AMMAN/BEIRUT (Reuters) - Syrian government forces backed by Iranian troops edged closer to a major rebel-controlled highway south of Aleppo on Tuesday, pushing further into insurgent-held areas supported by heavy Russian air strikes.
After seizing a series of villages including Zitan, Humaira and Qalaajiya, the army said it had thrust to the outskirts of Zirba and encircled the town of Khan Touman, an advance rebels said had left them outgunned from the air and ground.
The aim of government forces appeared to be to cut the main Aleppo-Damascus highway that fighters use to transport supplies from rebel-held Idlib province to the north.
Two months of Russian air strikes twinned with army ground offensives backed by Iranian and Lebanese Hezbollah forces have shored up Syrian President Bashar al-Assad in his western heartland. The government side has made gains in Latakia province near Turkey's border, and in southern Aleppo, but they have not tipped the war decisively Assad's way.
Still, a retaking of Khan Touman and attaining the highway would mark the biggest milestone in the offensive in southern Aleppo province where the army and supporting units of Iran's Revolutionary Guard Corps, Hezbollah fighters and Iraqi Shi'ite Muslim militia have already secured large swathes of territory.
Khan Touman housed a large military ammunition store before being seized by rebels in 2013. Retaking it would allow government forces to disrupt rebel lines linking their Aleppo province strongholds with Idlib.
Rebels said the military pressure on them had intensified in the area, and conceded that Khan Touman, 10 km (6 miles) southwest of Aleppo city, could fall back into government hands.
"The situation is bad in general. It is the same story - there is no military balance or even the slightest degree of it," an official in one of the rebel groups operating in the area told Reuters.
"There are planes, artillery, rocket launchers of every type, and militias from all countries," said the official from the Sham Revolutionary Brigades, giving his name as Abu Mohamed.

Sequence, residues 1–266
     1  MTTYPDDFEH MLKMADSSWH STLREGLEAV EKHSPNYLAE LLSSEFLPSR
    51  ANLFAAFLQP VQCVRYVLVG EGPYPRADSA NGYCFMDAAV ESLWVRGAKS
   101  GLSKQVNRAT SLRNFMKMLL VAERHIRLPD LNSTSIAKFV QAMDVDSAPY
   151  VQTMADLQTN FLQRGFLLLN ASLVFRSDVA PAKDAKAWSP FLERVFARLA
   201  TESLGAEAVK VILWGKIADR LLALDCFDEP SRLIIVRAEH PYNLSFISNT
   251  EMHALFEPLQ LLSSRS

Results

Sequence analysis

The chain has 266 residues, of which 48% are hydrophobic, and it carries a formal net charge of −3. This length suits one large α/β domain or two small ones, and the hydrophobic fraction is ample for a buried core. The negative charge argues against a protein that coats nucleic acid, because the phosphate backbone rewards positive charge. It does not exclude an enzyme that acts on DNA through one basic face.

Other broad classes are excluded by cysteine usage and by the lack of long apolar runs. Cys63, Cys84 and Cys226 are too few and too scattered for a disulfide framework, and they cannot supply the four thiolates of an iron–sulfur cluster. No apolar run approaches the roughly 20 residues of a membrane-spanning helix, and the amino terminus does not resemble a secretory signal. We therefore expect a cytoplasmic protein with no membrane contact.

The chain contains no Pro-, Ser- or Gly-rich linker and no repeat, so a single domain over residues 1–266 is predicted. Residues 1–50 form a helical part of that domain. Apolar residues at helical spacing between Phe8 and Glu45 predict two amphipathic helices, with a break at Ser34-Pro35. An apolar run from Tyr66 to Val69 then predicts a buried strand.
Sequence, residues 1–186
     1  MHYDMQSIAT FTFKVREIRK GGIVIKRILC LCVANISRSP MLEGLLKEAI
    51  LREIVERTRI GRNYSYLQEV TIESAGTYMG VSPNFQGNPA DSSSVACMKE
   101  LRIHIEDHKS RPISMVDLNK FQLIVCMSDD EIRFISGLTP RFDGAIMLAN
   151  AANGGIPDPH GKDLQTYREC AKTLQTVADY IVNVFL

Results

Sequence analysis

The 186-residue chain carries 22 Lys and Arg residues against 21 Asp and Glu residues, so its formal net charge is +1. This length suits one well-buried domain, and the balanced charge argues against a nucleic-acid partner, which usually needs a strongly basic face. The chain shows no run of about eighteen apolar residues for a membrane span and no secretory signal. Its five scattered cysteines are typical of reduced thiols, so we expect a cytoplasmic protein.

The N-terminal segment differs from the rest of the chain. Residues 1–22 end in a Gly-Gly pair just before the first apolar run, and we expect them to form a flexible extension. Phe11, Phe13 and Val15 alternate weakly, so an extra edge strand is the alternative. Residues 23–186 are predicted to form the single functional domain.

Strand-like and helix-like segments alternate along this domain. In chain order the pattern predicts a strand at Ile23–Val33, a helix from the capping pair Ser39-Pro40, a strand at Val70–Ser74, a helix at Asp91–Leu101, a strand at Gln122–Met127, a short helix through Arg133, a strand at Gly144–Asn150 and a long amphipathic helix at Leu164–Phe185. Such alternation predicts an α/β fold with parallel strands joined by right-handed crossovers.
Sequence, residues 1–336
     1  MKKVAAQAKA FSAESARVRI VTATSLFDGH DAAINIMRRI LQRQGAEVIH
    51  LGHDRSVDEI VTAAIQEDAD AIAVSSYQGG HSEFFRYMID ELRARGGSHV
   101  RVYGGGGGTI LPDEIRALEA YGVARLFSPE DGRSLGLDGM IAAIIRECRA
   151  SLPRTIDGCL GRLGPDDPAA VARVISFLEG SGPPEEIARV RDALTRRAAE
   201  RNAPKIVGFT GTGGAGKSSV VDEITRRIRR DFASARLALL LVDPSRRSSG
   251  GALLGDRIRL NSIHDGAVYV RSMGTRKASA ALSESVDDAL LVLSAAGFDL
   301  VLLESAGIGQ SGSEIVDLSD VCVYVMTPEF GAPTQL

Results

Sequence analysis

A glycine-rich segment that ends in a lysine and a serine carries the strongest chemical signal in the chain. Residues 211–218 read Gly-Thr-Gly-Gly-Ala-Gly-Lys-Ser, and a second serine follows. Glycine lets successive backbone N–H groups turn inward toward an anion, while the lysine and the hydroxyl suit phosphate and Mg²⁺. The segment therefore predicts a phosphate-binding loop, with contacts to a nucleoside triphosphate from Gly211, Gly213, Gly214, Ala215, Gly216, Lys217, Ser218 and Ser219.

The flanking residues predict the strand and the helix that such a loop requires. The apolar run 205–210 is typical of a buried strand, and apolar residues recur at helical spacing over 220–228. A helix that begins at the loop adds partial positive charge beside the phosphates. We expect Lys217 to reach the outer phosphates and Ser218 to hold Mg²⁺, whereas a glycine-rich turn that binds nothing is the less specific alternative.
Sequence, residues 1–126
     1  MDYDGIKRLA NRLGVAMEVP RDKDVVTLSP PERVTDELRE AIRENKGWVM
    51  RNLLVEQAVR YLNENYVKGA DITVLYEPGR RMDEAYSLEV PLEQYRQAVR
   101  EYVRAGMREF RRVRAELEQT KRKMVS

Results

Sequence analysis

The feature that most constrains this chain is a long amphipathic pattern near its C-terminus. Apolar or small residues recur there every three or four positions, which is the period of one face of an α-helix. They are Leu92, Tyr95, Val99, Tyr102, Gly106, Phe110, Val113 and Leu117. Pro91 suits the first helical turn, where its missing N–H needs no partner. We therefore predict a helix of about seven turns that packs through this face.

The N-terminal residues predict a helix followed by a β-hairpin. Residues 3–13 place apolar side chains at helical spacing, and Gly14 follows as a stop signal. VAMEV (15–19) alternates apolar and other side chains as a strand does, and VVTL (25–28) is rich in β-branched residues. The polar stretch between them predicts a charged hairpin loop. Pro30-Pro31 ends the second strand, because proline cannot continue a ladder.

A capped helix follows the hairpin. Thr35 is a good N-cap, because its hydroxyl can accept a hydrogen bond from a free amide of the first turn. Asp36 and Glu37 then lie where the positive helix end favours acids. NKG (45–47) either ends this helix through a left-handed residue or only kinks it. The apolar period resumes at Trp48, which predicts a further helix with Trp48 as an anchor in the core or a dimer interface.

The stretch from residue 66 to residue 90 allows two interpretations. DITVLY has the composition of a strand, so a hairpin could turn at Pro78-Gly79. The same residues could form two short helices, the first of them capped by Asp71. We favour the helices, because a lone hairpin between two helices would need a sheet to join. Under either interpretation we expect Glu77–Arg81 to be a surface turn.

The government's Aleppo offensive targets a large area to the south of the city near the highway to the capital Damascus in the south. Continued advances would eventually bring the army and its allies to two besieged Shi'ite towns, Kefraya and al-Foua, further to the west.
"We have built fortifications to thwart any new advance," said Yousef al-Issa, a field commander for Ahrar al-Sham, one of the main insurgent groups fighting in the area. "We are trying to disperse their forces but the Russian bombing is holding us back."
Government forces also seek to regain the rebel-held Zirba power plant in the area that once fed parts of Aleppo city. Losing it to rebels, officials say, worsened power shortages in the city of more than three million people, pre-war Syria's commercial capital, officials say.
Last month the army and allied fighters, backed by Russian air strikes, recaptured the town of al-Hader and the Talaat al-Eiss highlands, a move that secured control of most of southern Aleppo countryside.
But reinforcements to the mainly Islamist rebels, including Syria's al Qaeda offshoot Nusra Front, later slowed further government gains.
Reporting by Tom Perry in Beirut and Suleiman Al-Khalidi in Amman; Editing by Mark Heinrich